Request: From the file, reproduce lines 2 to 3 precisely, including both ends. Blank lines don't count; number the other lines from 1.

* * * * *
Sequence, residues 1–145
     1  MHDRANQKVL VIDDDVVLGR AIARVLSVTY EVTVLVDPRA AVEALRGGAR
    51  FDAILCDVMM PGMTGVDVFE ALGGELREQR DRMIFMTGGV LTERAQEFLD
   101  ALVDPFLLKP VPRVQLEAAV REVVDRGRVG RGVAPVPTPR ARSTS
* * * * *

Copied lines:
     1  MHDRANQKVL VIDDDVVLGR AIARVLSVTY EVTVLVDPRA AVEALRGGAR
    51  FDAILCDVMM PGMTGVDVFE ALGGELREQR DRMIFMTGGV LTERAQEFLD